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The Bigger The Better? Big Data in Financial Services

Big Data in Financial Services

This paper is designed to be relevant to producers and consumers of data in a financial institution. In particular, it is oriented towards the business use of data (e.g., analytics) and on technology techniques for managing data. The paper assumes that the reader has some context and understanding around Big Data technologies, how they would or would not apply within a financial organization, and the benefits and challenges that such new technologies present.

“Big Data” is a term which has come to spark much interest and discussion. Whether ‘hype’ or ‘futuristic,’ one thing is certain: “Big Data” has entered the technology industry lexicon in a big way. At Capco, we define Big Data as an information environment to facilitate better business insight and decision-making by leveraging information assets that have high volume, velocity, and variety, and require new forms of capture, processing, and analysis.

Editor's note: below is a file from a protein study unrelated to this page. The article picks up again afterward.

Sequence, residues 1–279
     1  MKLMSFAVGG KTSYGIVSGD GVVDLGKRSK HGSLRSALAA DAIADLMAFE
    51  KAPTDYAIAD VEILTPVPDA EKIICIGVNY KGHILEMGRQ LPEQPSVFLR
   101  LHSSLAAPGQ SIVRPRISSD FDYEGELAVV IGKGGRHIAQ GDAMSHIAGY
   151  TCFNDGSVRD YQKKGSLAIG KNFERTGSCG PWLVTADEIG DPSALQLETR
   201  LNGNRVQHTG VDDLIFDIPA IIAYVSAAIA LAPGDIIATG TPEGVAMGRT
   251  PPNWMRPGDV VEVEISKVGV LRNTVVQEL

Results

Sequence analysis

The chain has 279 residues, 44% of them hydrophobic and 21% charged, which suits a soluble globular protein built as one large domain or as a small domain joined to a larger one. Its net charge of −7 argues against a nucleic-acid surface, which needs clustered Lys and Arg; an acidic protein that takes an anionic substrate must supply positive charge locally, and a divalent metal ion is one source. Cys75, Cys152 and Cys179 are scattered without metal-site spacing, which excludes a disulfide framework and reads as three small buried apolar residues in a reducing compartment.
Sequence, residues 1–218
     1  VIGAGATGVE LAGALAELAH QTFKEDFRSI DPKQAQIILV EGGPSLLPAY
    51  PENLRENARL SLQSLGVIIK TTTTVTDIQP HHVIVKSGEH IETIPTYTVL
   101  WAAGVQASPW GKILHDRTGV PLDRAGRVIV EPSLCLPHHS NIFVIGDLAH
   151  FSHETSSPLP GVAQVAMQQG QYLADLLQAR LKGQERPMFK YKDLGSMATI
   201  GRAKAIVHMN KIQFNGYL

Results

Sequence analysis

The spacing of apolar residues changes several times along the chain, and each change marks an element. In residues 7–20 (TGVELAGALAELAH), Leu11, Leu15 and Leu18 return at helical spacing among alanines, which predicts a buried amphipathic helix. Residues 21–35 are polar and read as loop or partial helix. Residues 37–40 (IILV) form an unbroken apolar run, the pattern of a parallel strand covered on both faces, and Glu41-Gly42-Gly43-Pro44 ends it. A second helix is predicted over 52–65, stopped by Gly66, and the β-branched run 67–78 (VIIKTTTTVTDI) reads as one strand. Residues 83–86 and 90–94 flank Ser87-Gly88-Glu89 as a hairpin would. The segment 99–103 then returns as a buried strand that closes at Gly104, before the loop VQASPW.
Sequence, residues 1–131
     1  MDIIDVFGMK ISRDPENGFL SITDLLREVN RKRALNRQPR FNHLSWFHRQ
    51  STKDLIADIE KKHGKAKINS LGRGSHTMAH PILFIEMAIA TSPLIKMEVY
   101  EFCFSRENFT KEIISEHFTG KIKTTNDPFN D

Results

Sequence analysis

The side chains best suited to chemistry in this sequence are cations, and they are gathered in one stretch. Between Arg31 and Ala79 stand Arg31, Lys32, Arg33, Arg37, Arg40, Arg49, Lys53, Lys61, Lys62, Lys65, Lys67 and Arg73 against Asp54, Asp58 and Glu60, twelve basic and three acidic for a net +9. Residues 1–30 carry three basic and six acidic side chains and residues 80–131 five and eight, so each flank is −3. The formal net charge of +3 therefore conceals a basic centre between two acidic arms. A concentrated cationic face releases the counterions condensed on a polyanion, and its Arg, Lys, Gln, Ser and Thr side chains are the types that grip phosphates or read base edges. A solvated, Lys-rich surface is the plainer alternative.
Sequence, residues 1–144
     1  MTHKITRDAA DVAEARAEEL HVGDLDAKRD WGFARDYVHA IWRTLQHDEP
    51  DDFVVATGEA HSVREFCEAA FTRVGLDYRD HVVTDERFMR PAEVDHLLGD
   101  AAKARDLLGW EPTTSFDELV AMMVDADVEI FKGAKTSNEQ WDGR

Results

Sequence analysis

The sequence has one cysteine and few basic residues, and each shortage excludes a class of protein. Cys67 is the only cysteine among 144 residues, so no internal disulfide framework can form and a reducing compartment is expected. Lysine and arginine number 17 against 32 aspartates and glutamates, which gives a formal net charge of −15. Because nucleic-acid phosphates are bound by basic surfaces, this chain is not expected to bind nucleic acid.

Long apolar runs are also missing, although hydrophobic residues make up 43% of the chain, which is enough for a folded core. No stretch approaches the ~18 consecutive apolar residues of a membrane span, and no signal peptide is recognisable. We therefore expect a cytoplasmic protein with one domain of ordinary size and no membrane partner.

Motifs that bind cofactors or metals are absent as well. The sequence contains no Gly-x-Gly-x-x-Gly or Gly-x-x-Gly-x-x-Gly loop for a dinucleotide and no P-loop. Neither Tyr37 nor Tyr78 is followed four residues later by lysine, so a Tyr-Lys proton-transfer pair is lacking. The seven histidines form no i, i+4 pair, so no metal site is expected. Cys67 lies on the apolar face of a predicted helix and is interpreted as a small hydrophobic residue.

Key to the Capco definition of Big Data is that we perceive it to be a business-driven initiative; it is the business which owns the information and data assets of a firm, and not technology, and so it is the business which should champion the need to leverage Big Data as the proposed solution to specific problems. In many ways, Big Data is not about data, but about analytics, the business insight they provide, and the decision-making they facilitate. Further, while Big Data may have strong application in some areas, it may not be appropriate in all situations. However, this does not detract from the significant potential that Big Data technology offers to rationalize data management costs. Capco’s research shows that most financial institutions are implementing Big Data projects over the next 12-24 months, however, their objectives are varied and, at times, unclear. As with all data challenges, the commencement of any project to solve for a specific issue, whether through Big Data technologies or conventional technologies, should only be initiated once a particular challenge has been identified, and the complexities around the challenge are well understood by the business.